The first plaintiff was ready and wiling to purchase the suit property but the defendants 1 to 5 were not ready and therefore, notice dated 16.11.1980 was issued by the first plaintiff to the defendants 1 to 7 demanding execution of sale deed. Thereafter, the defendants 1 to 5 sold the property to the defendants 6 and 7 and the defendants 1 to 5 have no right to sell the property after having entered into an agreement of sale with the first plaintiff on 16.7.1980 and the sale deed in favour of the defendants 6 and 7 are also not binding on the first plaintiff. The defendants 6 and 7 in collusion with the defendants 1 to 5 created sale deed in their favour. The first plaintiff was also ready to deposit sale consideration, if so directed by the court. The defendants 1 to 5 are closely related to the defendants 6 and 7 and, in order to defraud the first plaintiff and to defeat the legitimate right of the first plaintiff, the sale deeds were executed in favour of the defendants 6 and 7.

The defendants 8 to 11 claimed to have purchased the suit properties from the defendants 6 and 7 and those sale deeds in favour of the defendants 8 to 11 are nominal documents and they have not come into force and there was no passing of consideration and as the properties were alleged to have been conveyed to the defendants 8 to 11, they were also made as parties. The first plaintiff died and the plaintiffs 2 to 4 were impleaded as legal representatives and they were also entitled for specific performance and injunction in respect of item 2 of the property.

10. The defendants 1 to 3 filed a statement stating that the first plaintiff was a real estate dealer and a speculator and he was a neighbour of the defendants and he was aware of the agreement between the defendants 1 to 5 entered into with the 6th defendant on 27.3.1979. Thereafter, the first plaintiff created agreement of sale to defeat the right of the defendants 1 to 3. The first plaintiff also filed a criminal complaint against the defendants 1 to 3 for the offence of cheating and the defendants 1 to 3 were convicted by the trial court and the conviction was set aside in the appeal and in the criminal proceedings, the defendants 1 to 3 questioned the genuineness of the agreement dated 7.11.1980. Therefore, the plaintiffs are not entitled for the relief prayed for.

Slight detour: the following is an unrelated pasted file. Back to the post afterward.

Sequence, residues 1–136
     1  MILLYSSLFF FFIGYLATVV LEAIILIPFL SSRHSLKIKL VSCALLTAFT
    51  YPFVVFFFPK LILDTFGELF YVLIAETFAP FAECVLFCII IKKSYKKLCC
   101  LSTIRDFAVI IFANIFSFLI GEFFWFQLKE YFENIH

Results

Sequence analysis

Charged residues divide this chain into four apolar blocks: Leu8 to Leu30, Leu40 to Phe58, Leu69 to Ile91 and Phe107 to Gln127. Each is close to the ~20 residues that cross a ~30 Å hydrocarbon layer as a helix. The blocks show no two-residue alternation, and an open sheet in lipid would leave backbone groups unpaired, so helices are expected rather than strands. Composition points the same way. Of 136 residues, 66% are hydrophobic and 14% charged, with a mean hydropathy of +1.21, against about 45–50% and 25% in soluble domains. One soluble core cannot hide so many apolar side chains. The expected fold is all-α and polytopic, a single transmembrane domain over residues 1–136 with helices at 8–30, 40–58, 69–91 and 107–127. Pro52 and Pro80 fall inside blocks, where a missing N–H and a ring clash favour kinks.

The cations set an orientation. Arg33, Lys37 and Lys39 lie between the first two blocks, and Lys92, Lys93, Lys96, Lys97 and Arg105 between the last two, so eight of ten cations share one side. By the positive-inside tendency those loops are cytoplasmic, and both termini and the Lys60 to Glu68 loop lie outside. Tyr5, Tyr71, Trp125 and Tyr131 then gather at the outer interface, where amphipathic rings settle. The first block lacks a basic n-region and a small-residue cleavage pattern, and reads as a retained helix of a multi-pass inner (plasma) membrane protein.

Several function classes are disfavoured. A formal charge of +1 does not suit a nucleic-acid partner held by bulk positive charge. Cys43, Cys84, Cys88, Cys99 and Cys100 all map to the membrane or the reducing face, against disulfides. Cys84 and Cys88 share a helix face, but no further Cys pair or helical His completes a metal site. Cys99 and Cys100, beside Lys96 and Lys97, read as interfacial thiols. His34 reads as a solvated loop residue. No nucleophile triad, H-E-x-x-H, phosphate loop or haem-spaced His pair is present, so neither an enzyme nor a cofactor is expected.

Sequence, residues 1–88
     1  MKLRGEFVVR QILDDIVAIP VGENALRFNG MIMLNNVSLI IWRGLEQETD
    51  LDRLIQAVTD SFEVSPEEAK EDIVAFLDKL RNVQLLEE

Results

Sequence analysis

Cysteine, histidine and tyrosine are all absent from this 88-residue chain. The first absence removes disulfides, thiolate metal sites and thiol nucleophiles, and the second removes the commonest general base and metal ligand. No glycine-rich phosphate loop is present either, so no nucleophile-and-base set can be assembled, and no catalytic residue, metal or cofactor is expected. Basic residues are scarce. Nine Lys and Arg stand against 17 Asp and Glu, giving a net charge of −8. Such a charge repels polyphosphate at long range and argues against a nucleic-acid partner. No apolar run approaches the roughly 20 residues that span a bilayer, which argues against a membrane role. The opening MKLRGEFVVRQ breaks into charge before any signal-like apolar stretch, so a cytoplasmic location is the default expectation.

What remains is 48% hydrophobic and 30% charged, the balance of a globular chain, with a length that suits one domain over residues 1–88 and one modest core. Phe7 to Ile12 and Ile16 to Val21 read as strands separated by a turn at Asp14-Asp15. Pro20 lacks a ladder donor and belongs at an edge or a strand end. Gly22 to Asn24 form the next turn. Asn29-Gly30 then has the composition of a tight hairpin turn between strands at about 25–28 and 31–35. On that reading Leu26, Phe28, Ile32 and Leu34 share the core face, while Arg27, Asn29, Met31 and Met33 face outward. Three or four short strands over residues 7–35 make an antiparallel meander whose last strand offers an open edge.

11. The Court Guardians of the defendants 4 and 5 filed a statement denying the agreement of sale dated 16.7.1980. It is stated that the defendants 6 and 5 are minors on that date and, therefore, they are not bound by the agreement of sale. The agreement was not for the benefit of the minors. No permission was obtained from the Court for entering into an agreement of sale. They also denied the allegation that on 7.11.1980 possession of 25 cents of property was given to the first plaintiff and questioned the means of the first plaintiff to pay the balance sale consideration. Therefore, the plaintiffs are not entitled to the relief of specific performance. The 6th defendant in O.S.No.707 of 1981 filed a written statement and the same was adopted by 7th defendant and the 4th defendant in O.S.No.704 of 1981 is the 6th defendant in O.S.No.707 of 1981 and he repeated the same allegations in the statement filed in O.S.No.704 of 1981 in the present suit.